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Power of NCLT/NCLAT vis-à-vis writ jurisdiction of the high court.


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Dated: 13-6-2022

2019 (12) TMI 188 - Supreme Court

CIRP under IBC/Power of NCLT/NCLAT vis-a-vis writ jurisdiction of the High Court.

Whether high court can interfere with an order of NCLT under Article 226/227 of the Constitution of India if there is no statutory remedy ignoring availability of a statutory remedy of appeal to the National Company Law Appellate Tribunal (NCLAT);

If questions of fraud can be inquired into by NCLT/NCLAT in proceedings initiated under IBC, 2016

Facts: 

M/s. Tiffins Barytes Asbestos & Paints Ltd, being the Corporate Debtor, a mining lease as granted by the Government of Karnataka, which was to expire by 25.05.2018.

Though there was a notice for a premature termination of the lease on the ground of violation of terms and conditions of the lease deed but no order of termination was passed till the initiation of CIRP (Corporate Insolvency Resolution Process). 

An ad Interim Order passed by the High Court led to the Resolution Applicant, the Resolution Professional and the Committee of Creditors to come up with the present appeals. 

The jurisdiction of  NCLT to adjudicate upon disputes arising out of the grant of mining leases under the MMDR Mines & Mineral (Development & Regulation) Act, 1957, between the State-Lessor and the Lessee came into consideration/adjudication. 

The fraudulent and collusive manner related to the entire resolution process as initiated by the related parties of the Corporate Debtor themselves, with a view to corner/gain the benefits of mining lease. 

The Resolution Applicant, the Resolution Professional and the Committee of Creditors have come up with the present appeals before the hon'ble apex court. 

Contentions/Issues:

IBC, 2016 being a full fledged law and a Code in its ownself, whether a remedy by way of invoking the writ jurisdiction of the high court under Article 226 of the Constitution would be an apt exercise;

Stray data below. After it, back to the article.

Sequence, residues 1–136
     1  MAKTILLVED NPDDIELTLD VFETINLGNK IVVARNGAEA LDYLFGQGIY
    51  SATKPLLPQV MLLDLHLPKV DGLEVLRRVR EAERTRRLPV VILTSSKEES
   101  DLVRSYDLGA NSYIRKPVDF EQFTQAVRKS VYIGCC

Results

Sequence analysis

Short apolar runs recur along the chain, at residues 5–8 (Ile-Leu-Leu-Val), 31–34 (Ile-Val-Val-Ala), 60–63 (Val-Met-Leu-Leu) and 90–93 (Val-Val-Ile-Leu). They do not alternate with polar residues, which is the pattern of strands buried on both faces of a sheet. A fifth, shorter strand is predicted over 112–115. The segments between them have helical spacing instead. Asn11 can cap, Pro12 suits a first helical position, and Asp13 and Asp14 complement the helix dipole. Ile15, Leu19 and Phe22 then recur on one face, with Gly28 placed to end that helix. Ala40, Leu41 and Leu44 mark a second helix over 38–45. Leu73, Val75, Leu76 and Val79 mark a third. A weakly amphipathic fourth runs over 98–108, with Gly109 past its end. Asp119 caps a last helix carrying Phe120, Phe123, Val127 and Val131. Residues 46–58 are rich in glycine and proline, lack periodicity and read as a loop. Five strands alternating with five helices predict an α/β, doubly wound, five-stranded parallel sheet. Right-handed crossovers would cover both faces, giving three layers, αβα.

To find an answer to this question the hon'ble apex court decided to further consider the scope of the jurisdiction and the nature of the powers exercised by the High Court under Article 226 of the Constitution and jurisdiction and nature of powers of the NCLT and NCLAT under the provisions of IBC, 2016 are to be seen.

In this context an interesting observation made by the hon'ble apex court is with respect to In Regina (Privacy International). 

The U.K Supreme court quoted the editors of De Smith’s Judicial Review to the effect: “The distinction between jurisdictional and non-jurisdictional error is ultimately based upon foundations of sand. Much of the superstructure has already crumbled. What remains is likely quickly to fall away as the courts rightly insist that all administrative action should be lawful, whether or not jurisdictionally correct.” )  

Thus the essence of any order being its legality should not be confused or diverted by raising plea of jurisdiction or any other error in law. 

Finally the issue was laid to rest with the observation, NCLT did not have jurisdiction to entertain an application against the Government of Karnataka for a direction to execute Supplemental Lease Deeds for the extension of the mining lease. NCLT choosing to exercise a jurisdiction not vested in it by law, the High Court of Karnataka was justified in entertaining a writ petition to that effect. 

As to a question whether NCLT is competent to inquire into allegations of fraud especially in the matter of initiation of Corporate Insolvency Resolution Process (CIRP) and as contended by one of the parties, Government of Karnataka,the entire CIRP had been initiated by one and the same person taking different avatars, not for the genuine purpose of resolution of insolvency or liquidation, but for the collateral purpose of cornering the mine and the mining lease/s. In these peculiar circumstances NCLT could inquire into allegations of fraud. 

Held that though NCLT and NCLAT would have jurisdiction to enquire into questions of fraud, they would not have jurisdiction to adjudicate upon disputes such as those arising under MMDR Act, 1957 and the rules issued there under, especially when the disputes revolve around decisions of statutory or quasi-judicial authorities, which can be corrected only by way of judicial review of administrative action.

Accordingly the hon'ble apex court refused to interfere with the decision of the High Court and the appeals stood dismissed.  

This case law may help readers get an insight into the writ jurisdiction of the hon'ble High Court and whether NCLT/NCLAT could enquire into allegations of fraud. 


Full Text:

2019 (12) TMI 188 - Supreme Court

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